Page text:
When this appeared this morning on Yahoo News, I was sure it would be corrected:
Well, the headline was edited, but the mismatch of a plural subject and a singular verb remains:
I guess the editors are keeping the mistake.
From Yahoo! Celebrity, two gaffes for the price of one:
Neither or nor the verb have responded is correct. The partner of neither is nor, not or. And when a compound subject is joined by the correlative conjunction neither…nor, the verb must agree with the subject closer to it. So, the verb should be has responded.
The writer and editor at Yahoo! Style — neither of whom is a grammatical genius — thought this was correct:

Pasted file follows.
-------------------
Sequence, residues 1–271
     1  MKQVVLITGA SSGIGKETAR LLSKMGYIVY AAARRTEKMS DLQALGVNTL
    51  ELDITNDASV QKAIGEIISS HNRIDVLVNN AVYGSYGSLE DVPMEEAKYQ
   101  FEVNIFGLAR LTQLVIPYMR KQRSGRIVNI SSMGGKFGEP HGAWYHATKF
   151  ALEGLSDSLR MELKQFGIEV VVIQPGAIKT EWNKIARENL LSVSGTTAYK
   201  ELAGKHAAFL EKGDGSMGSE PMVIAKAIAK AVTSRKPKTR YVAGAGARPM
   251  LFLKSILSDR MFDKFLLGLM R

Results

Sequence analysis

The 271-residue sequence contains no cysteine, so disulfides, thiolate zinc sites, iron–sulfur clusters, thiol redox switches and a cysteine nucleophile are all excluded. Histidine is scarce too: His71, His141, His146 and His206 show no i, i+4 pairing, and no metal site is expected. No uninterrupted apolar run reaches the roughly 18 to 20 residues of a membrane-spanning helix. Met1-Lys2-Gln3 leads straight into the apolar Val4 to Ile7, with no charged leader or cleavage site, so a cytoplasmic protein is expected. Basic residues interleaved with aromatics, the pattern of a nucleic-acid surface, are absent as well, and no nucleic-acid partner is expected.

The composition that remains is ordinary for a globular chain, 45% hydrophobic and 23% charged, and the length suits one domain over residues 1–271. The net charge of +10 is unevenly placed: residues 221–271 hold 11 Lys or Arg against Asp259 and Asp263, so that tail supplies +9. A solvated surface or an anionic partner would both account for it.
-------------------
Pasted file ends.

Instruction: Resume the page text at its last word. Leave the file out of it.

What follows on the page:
In general neither, used as a pronoun, is grammatically singular and takes a singular verb like is, not are. Some experts are OK with neither taking a plural verb when it is followed by of and a plural, like: Neither of us know much about grammar.
Is the writer for Yahoo! Style being serious? Did she really think this paragraph was ready for the big time?
Didn’t she notice that the title of the book is “Debutante Divorcée”? How are we supposed to interpret “big hair sprayed hair”? I’ll guess it’s supposed to be “big hair, sprayed hair.” Or maybe “big hairsprayed hair.” But I have no firsthand (Note: It’s one word) knowledge of that.
I also have no firsthand knowledge of the writer’s reasoning for using need instead of the correct needs. Or for using both but and yet together. Is she being serious?